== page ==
Cross-border Merger and acquisition: India

Until upto a couple of years back, the news that Indian companies having acquired American-European entities was very rare. However, this scenario has taken a sudden U turn. Nowadays, news of Indian Companies acquiring a foreign businesses are more common than other way round.

Buoyant Indian Economy, extra cash with Indian corporates, Government policies and newly found dynamism in Indian businessmenhave all contributed to this new acquisition trend. Indian companies are now aggressively looking at North American and European markets to spread their wings and become the global players.

The Indian IT and ITES companies already have a strong presence in foreign markets, however, other sectors are also now growing rapidly. The increasing engagement of the Indian companies in the world markets, and particularly in the US, is not only an indication of the maturity reached by Indian Industry but also the extent of their participation in the overall globalization process.

Table1.2:  The top 10 acquisitions made by Indian companies worldwide:

Acquirer

Target Company

Country targeted

Deal value ($ ml)

Industry

Tata Steel

Corus Group plc

UK

12,000

Steel

Hindalco

Novelis

Canada

5,982

Steel

Videocon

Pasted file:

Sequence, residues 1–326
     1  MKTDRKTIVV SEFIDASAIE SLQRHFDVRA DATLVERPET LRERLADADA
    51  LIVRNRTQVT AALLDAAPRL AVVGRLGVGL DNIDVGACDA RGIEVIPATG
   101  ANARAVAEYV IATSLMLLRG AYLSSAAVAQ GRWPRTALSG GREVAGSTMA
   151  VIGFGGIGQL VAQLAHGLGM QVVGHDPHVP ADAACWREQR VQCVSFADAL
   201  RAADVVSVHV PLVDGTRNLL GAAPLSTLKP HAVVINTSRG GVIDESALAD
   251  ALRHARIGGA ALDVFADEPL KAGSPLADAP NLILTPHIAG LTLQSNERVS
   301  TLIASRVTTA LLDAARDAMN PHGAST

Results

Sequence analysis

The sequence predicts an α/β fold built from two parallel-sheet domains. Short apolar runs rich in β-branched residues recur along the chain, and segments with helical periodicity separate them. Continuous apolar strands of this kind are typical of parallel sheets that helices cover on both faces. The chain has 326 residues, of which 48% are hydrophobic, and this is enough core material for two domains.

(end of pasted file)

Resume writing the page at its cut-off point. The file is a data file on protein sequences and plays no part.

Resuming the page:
Daewoo Electronics Corp.

Korea

729

Electronics

Dr. Reddy's Labs

Betapharm

Germany

597

Pharmaceutical

Suzlon Energy

Hansen Group

Belgium

565

Energy

HPCL

Kenya Petroleum Refinery Ltd.

Kenya

500

Oil and Gas

Ranbaxy Labs

Terapia SA

Romania

324

Pharmaceutical

Tata Steel

Natsteel

Singapore

293

Steel

Videocon

Thomson SA

France

290

Electronics

VSNL

Teleglobe

Canada

239

Telecom


If you calculate top 10 deals itself account for nearly US $ 21,500 million. This is more than double the amount involved in US companies' acquisition of Indian counterparts.Graphical representation of Indian outbound deals since 2000.

Figure 1.2


Indian outbound deals, which were valued at US$ 0.7 billion in 2000-01, increased to US$ 4.3 billion in 2005 , and further crossed US$ 15 billion-mark in 2006. In fact, 2006 will be remembered in India's corporate history as a year when Indian companies covered a lot of new ground. They went shopping across the globe and acquired a number of strategically significant companies. This comprised 60 per cent of the total mergers and acquisitions (M&A) activity in India in 2006. And almost 99 per cent of acquisitions were made with cash payments.

Table 1.3: Cross-border Merger and acquisition: India
(US $ Million)

Year

Sales

Purchases

2000

1219

910

2001

1037

2195

2002

1698

270

2003

949

1362

2004

1760

863

2005

4210

2649

Total

10873

8249

Source: UNCTAD world investment report 2006